The last decade has seen a boom in online education. Whether it’s driven by the desire to get a degree online, learn how to do something new without actually doing it, or learn how to survive a zombie apocalypse, people are flocking to the web to obtain the knowledge they need. And like all great technologies, the web is no exception. When we look back in fifty years, we may well remember this time as the era of Internet Googlization.
In an age of instantaneous communication, we can now send our opinions to the world with the click of a button. The proliferation of social media platforms has made it possible for anyone to keep up with breaking news, find out what’s on in the world, and communicate with others instantly. As a result, a new way of doing business, as well as a new way of learning, has been born: the ‘online course.’
The new year brings with it a new way of learning. The internet will help us learn about everything from the Middle East to how to make a killer cupcake. But what will it teach us about the education system? Will we be able to create a digital learning environment that can help us learn and grow?
It is impossible to imagine the world as it is today without the internet. It has connected us, enhanced our lives, and delivered knowledge into our hands. And it has also changed education forever. The internet has allowed us to access unlimited amounts of knowledge and information. We know that technology is infiltrating our classrooms. We know that it’s being used in a range of ways—to enhance the learning experience, enhance the teaching experience, and enhance students’ performance.
Life as we know it will change in the coming years, whether we’re ready or not. As a result of the unprecedented rate of technological advancement, the world today is unrecognizable from the one we knew five years ago. The Internet and other global communications are making it possible for anyone with a smartphone to influence the world every day.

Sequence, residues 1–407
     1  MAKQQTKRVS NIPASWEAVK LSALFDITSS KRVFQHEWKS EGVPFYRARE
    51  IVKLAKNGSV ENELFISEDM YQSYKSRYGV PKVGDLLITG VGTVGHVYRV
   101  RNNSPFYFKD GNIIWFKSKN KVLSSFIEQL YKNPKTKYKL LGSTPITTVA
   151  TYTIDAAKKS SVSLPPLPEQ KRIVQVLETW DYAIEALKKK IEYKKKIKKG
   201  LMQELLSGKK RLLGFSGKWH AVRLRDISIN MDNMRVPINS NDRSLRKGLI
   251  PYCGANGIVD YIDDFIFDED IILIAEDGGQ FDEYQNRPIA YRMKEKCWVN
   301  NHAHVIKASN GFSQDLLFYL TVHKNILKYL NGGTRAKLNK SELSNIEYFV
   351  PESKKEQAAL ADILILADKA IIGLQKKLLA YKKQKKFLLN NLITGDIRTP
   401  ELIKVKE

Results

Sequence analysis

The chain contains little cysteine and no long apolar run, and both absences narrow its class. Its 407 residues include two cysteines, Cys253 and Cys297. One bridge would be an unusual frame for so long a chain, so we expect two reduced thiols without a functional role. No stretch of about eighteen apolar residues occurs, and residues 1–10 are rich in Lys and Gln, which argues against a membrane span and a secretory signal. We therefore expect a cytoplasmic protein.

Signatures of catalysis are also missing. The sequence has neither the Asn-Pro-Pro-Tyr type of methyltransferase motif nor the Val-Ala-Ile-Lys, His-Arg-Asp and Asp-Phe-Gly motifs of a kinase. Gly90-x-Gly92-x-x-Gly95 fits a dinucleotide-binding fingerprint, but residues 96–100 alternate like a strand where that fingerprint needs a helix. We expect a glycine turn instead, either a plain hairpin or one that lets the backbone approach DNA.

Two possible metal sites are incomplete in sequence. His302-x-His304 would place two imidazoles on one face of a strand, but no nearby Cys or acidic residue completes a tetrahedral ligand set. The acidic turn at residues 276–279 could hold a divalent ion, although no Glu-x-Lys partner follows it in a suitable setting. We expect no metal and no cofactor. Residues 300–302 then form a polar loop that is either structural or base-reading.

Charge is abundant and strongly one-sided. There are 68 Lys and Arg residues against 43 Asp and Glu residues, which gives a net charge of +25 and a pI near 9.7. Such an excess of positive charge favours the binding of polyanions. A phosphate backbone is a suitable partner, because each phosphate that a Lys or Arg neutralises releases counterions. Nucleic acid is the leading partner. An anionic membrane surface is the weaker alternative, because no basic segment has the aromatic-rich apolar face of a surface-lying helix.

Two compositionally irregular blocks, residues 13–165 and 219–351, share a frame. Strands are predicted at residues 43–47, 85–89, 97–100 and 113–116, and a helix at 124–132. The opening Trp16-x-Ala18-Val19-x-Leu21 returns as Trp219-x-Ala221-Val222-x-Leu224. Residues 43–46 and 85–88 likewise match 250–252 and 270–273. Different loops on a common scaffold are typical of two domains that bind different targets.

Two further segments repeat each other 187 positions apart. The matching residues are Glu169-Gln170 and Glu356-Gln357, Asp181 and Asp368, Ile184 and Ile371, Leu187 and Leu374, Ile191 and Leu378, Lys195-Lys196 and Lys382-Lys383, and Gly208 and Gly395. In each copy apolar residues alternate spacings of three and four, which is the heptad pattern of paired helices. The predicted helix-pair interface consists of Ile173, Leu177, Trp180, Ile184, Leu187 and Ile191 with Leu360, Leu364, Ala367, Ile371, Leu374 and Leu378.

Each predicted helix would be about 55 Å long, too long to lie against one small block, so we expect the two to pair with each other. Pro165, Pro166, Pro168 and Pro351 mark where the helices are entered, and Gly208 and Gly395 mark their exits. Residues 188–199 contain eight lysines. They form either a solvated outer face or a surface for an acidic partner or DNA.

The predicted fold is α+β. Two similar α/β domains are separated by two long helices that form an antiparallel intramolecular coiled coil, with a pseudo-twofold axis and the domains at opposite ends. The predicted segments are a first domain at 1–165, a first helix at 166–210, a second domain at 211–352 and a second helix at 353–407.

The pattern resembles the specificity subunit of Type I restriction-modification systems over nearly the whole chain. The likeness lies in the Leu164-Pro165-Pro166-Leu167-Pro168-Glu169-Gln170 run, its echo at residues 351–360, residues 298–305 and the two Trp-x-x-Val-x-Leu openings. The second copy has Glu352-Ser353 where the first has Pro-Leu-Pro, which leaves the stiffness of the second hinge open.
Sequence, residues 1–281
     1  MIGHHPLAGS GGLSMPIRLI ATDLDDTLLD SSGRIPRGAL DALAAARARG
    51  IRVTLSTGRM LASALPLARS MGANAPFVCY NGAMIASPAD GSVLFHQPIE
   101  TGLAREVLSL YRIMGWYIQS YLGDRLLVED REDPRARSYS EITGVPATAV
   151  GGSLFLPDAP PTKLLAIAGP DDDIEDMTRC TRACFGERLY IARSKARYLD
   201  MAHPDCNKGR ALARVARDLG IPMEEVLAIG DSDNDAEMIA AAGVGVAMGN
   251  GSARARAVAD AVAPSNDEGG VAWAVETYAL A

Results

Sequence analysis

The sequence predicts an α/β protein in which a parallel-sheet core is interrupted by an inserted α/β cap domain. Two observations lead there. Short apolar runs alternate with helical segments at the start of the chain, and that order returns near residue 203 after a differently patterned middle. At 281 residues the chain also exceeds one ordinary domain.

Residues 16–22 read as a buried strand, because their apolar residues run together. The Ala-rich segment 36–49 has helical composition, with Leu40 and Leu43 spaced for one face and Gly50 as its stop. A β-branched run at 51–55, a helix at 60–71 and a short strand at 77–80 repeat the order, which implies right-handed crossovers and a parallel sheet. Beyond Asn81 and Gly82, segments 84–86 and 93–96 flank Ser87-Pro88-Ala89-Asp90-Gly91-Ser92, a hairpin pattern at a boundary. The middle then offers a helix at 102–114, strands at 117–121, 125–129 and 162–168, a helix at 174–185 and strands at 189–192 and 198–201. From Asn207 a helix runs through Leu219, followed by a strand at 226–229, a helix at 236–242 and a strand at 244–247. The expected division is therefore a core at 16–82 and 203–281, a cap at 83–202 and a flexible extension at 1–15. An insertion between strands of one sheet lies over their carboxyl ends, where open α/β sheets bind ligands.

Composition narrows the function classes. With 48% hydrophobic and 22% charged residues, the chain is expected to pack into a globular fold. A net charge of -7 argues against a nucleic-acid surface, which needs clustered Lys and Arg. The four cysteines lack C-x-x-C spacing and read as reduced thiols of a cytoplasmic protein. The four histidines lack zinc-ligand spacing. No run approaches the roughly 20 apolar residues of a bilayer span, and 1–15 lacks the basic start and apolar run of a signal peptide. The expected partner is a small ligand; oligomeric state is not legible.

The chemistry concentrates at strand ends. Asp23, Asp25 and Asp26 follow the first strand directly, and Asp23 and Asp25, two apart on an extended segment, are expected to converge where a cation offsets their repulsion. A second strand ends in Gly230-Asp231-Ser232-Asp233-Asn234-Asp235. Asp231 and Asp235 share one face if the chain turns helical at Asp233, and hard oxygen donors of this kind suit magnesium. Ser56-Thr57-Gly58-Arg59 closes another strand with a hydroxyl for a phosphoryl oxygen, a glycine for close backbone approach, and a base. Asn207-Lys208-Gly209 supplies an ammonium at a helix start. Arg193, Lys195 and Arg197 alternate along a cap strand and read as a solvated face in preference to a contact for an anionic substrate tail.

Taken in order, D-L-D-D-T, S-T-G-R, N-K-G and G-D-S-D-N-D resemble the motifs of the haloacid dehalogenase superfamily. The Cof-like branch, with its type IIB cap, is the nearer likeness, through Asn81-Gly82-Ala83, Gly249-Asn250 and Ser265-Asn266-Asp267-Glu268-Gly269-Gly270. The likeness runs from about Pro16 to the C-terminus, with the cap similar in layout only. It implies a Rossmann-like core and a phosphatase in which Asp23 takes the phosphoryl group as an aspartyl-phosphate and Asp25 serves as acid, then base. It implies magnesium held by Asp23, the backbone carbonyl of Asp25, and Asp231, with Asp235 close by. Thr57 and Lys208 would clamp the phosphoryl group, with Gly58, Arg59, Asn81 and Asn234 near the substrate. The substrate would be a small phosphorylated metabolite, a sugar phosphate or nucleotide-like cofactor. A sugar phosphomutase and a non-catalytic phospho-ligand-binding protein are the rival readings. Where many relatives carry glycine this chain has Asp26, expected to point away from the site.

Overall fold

The online world has become increasingly important in our everyday lives. Whether you’re shopping for your next vacation or looking to meet new people online, learning about the internet is at the root of many of our daily activities. While the internet has been around for a while now, we’re still in the beginning stages of learning to navigate it properly, which is a rapidly growing concern.
The internet has transformed the way we teach and learn. We can now search for answers to nearly any question, ask experts, and find the best-constructed ideas for any topic. But the internet is also a powerful tool for spreading misinformation, hate speech, and outright lies. For example, you can click on any topic on the web and be tempted into believing a lie that turns out to have no basis in fact. (That’s the power of confirmation bias and logical fallacies. Keep your wits about you!)
We live in a world where we can connect with people all over the world and share our experiences and knowledge with others. However, this raises a problem, which has been known for a long time: the people we discuss with, and the things we talk about, are often based on what we know from our own experiences and how we reacted to them. We have a natural predisposition to look for patterns, and our own experiences make up a large portion of what we observe. We all have a bias to believe our opinions are correct and know what is best for others.
With the same speed at which the internet has changed how we communicate, it has also changed how we learn. The profound impact of the internet on how we learn is not yet fully realized, so we are just starting to see its full potential. We must ensure that the next generation of students is equipped to carry its legacy into the future; we must make sure they are able to balance new world skills with the timeless skills they need to be successful.